It was Calvin - the star of Bill Watterson's Calvin & Hobbes cartoons - who famously said that “Things are never quite as scary when you've got a best friend.”
But it’s probably safe to assume that he wasn’t considering buying a property with Hobbes - his tigery toy - when he said it. Because things can get very scary indeed when friends buy together.
“Friendship is a beautiful thing - but if you want to make a success of a joint property deal, you have to put the emotions aside for a while and focus on the cold, hard processes that will protect you both in the law,” said Charles van Greunen, general manager of the Sedgefield-based Ballan Group, which owns various law firms and property agencies (including Chas Everett International Properties’ Knysna franchise).
Rule Number One, said Charles, is that you have to write and sign a binding agreement. (As for Rule Numbers Two onwards: Refer to Rule Number One.)
“When you buy a property in partnership with somebody else, both of your names will be registered at the deeds office, and if you’re taking out a bond, you’ll both be legally liable for the debt - so your agreement must state all the terms under which you’re making your purchase,” he said.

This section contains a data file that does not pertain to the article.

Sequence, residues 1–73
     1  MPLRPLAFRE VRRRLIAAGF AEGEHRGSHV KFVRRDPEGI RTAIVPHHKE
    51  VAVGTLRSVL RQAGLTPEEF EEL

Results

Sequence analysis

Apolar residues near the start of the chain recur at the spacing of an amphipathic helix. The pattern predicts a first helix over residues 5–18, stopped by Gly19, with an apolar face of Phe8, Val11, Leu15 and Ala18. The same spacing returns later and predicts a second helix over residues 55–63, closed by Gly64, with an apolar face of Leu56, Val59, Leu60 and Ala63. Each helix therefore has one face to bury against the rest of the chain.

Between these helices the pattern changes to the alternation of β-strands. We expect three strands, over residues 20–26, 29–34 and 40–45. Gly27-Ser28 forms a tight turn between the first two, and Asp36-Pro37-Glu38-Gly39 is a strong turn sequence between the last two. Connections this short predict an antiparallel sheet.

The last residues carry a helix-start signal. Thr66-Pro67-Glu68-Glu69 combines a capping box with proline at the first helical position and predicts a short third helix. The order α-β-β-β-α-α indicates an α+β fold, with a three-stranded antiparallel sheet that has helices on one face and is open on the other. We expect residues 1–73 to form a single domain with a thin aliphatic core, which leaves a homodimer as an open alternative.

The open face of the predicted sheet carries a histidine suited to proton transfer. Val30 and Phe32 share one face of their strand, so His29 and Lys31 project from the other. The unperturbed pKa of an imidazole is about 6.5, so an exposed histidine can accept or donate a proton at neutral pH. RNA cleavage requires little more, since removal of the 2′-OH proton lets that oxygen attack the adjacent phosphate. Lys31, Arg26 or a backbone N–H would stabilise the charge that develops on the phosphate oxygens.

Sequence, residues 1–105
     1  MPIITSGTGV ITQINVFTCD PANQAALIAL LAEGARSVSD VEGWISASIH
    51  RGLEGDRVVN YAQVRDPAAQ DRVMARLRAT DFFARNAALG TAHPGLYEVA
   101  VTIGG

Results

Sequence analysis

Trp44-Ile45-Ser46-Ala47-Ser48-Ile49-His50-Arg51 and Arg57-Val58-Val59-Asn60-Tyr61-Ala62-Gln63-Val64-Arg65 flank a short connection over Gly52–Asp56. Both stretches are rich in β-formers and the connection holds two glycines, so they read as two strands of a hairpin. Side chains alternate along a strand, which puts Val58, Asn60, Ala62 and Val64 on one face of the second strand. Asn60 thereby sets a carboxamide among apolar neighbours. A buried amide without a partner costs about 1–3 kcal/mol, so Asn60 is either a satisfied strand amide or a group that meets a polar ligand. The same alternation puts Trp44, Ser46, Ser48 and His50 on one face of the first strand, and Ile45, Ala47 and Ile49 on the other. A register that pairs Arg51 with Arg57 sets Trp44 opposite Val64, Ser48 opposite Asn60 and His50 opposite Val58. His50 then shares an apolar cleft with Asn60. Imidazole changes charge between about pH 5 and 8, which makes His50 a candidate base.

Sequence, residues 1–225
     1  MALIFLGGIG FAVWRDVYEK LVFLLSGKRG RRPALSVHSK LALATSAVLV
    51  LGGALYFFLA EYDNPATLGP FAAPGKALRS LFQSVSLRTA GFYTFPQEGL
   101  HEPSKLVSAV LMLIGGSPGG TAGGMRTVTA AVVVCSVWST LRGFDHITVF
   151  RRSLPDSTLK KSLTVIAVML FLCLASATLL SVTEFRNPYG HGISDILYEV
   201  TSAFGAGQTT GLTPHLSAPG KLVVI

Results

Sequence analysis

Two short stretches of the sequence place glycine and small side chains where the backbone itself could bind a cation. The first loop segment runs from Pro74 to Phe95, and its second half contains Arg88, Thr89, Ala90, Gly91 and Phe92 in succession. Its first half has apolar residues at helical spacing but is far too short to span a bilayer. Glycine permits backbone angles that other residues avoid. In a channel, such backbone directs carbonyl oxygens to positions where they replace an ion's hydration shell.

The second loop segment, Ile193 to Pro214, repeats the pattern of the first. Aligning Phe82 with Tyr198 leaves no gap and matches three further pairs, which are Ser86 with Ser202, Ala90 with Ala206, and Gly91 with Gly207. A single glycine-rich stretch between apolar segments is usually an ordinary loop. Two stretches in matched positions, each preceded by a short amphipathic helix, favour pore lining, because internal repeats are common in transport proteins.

“This would include what percentage of the property each of you will own; how you plan to divide your obligations to the debt over the property; how you’ll divide any expenses and earnings from the property; and how the property should be disposed of by your separate estates should you get divorced, or when you die.”
He said that these contracts can become involved and technical - so it’s always advisable to have them drawn up by attorneys who specialise in property law.
Charles said that the rules governing partnerships in South Africa are covered by common law.
“But,” he said, “while a correctly made and signed partnership contract can be legally binding, it’s really just a piece of paper. There’s no central registry where you can lodge partnership agreements, and under whose rules they can be enforced.”
For this reason, he said, it would probably make sense to create the partnership in the form of a limited company (abbreviated as (Pty) Ltd.) which - like all registered businesses in South Africa - would be subject to the Companies Act of 2008. (He also made the point that the old CC - or Close Corporation, under which many such partnerships operated in the past - is currently being phased out. Please see SouthAfrica.info for an overview of the different company structures currently available in this country.)
“Although the Pty (Ltd) is a better vehicle than a private partnership agreement, it does come with different obligations - including the fact that it needs a regulated set of documents, income and expenses, and annual audits.
“But since property is perpetual in nature, and shake-of-hands agreements are often impossible to enforce (when you decide to split, for example, or when you die), it really is the best way to go,” he said.